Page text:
Hoping for greater stability, similar to NYU's outpost in Abu Dhabi, which is entirely financed by the UAE government, Yale-NUS College will be funded by the National University of Singapore. Its president, Tan Chorh Chuan, confirmed that the partnership, whose price tag he refused to disclose, would be financed by a combination of local taxpayer dollars, philanthropic donations and tuition revenue. While Yale will provide faculty and intellectual resources, the partnership is such that the school will never be forced to open its pocketbook.
That arrangement may, however, further discomfit Yale faculty members who have voiced concerns about an alliance with the government of Singapore, which has been cited by the U.S.-based nonprofit Human Rights Watch for its restrictions on speech and the press.
While Yale will offer the National University of Singapore its first broad undergraduate liberal arts curriculum, it will not be the first NUS program with involvement by U.S. schools. The National University of Singapore already pairs with several American institutions, including Duke University and the Massachusetts Institute of Technology, to provide graduate-level coursework.
Career and pre-professional majors are common throughout much of Asia in areas like business or accounting, but soon, student life for some undergraduates in Singapore might come to resemble the American college experience. From small group seminars and dormitory life to extracurricular activities and other student groups, Yale's Levin outlined the development of a new curriculum that he said would combine eastern and western cultures whenever possible. In an undergraduate literature course at Yale-NUS College, he said, students would read Aristotle, the Greek philosopher, along with the work of Confucius, the Chinese thinker.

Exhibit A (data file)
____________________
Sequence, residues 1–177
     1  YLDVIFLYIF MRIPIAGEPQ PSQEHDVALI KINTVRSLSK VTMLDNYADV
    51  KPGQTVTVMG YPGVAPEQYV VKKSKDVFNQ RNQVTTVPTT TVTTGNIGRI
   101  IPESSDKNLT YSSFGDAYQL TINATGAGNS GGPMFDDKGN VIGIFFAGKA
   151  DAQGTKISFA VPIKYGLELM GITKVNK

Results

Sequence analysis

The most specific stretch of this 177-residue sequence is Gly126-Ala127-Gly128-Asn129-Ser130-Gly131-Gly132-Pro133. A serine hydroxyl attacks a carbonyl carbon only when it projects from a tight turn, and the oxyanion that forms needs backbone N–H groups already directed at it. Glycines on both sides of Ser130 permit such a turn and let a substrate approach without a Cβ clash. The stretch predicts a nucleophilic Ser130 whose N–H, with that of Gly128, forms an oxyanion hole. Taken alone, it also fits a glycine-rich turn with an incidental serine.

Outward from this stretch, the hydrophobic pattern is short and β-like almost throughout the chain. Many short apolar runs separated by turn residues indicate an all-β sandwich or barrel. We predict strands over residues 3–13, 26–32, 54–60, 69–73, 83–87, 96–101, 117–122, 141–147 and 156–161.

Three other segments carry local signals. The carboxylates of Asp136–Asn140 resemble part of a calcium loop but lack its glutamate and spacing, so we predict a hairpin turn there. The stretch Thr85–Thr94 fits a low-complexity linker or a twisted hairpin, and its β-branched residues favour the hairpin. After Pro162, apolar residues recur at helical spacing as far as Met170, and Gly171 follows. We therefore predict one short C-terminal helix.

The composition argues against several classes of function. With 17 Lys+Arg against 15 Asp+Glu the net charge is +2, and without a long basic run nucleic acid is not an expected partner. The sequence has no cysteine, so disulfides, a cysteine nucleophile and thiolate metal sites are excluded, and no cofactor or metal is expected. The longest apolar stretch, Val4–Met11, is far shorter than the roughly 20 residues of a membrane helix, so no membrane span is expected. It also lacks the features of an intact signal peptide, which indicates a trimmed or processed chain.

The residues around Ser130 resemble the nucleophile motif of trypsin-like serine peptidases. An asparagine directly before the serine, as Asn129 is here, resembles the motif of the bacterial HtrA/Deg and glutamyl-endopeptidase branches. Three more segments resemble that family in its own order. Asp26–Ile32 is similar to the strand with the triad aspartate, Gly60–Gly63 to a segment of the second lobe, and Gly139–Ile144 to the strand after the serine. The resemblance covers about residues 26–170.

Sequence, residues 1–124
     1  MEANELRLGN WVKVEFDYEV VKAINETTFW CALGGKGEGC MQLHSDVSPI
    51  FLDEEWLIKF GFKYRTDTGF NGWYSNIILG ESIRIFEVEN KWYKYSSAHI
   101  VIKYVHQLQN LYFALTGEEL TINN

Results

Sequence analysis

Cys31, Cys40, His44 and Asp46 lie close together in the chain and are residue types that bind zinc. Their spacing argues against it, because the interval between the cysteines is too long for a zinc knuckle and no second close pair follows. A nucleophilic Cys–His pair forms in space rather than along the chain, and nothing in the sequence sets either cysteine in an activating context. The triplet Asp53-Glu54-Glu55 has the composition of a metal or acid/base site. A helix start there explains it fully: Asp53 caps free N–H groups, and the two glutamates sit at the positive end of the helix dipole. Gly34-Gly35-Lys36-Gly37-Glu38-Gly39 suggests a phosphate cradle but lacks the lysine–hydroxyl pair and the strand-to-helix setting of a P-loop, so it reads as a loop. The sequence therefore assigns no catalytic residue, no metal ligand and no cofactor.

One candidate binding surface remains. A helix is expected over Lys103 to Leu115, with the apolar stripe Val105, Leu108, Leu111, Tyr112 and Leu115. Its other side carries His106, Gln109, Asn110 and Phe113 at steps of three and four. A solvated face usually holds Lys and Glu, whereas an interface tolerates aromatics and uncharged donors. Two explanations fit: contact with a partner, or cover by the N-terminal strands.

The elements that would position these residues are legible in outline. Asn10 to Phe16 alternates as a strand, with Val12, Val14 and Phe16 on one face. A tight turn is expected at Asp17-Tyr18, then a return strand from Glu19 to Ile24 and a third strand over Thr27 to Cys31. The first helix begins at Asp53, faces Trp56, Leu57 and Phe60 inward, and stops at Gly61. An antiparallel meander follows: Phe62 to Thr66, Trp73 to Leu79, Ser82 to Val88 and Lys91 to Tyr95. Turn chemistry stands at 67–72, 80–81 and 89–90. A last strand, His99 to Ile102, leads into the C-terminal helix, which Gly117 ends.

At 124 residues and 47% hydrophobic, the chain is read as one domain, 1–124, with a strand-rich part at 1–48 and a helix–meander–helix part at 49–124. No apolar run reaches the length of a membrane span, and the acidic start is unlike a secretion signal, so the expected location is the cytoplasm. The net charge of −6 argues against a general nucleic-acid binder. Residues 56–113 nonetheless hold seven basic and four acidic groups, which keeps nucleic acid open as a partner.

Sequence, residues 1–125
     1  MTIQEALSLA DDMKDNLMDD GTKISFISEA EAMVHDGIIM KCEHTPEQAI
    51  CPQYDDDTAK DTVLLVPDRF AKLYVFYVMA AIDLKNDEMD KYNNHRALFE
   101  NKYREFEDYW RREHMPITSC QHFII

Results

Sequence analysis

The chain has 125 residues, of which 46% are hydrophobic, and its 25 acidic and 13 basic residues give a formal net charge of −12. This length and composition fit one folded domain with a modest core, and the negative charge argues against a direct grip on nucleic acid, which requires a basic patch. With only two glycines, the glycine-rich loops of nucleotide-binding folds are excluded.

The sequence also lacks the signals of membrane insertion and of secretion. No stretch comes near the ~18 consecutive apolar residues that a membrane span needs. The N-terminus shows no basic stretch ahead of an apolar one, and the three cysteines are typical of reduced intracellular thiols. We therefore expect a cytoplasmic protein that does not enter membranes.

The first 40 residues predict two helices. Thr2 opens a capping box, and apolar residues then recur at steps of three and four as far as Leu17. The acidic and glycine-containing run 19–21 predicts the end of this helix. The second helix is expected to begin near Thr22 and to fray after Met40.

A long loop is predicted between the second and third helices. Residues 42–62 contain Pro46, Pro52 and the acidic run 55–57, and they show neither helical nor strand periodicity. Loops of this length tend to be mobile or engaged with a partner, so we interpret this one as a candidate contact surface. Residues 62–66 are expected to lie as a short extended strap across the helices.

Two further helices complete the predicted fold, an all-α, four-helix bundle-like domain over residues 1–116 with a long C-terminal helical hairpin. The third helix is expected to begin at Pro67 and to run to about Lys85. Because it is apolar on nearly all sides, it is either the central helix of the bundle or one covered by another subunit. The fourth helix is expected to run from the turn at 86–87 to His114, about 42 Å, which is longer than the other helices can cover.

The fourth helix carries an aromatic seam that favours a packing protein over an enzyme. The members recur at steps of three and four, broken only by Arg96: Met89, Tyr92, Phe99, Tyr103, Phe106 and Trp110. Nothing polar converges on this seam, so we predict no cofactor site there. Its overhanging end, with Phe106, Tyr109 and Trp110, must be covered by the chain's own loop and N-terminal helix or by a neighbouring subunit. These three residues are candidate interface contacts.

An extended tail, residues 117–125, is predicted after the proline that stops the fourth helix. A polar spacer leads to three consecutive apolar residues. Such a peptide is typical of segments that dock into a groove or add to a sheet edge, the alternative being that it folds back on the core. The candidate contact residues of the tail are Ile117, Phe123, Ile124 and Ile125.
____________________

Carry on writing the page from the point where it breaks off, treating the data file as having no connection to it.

But despite its emphasis on small-group learning and critical thinking, the school's diplomas will be conferred by the National University of Singapore, not by Yale. In this way, it is a break from NYU's effort to establish overseas outposts: those graduates earn -- or, in the case of the Shanghai campus, will earn -- diplomas that are identical in cachet to the ones earned at its Manhattan home base.
In some ways, at least, Yale's Singapore experiment has already begun. According to Charles Bailyn, a professor of astronomy and physics and inaugural dean of the faculty at Yale-NUS College, while the admissions process for students is still a year away, resumes for tenure-tracked faculty have already started to roll in.
"This is a part of a quest by countries all over the world to create world-class universities," said Ben Wildavsky, a senior fellow at the Kauffman Foundation and author of "The Great Brain Race: How Global Universities are Reshaping the World." "If you're a place like the National University of Singapore, you can be a decent university. But if you want to be a great university, a global hub, you have to join with partners to help get you there faster."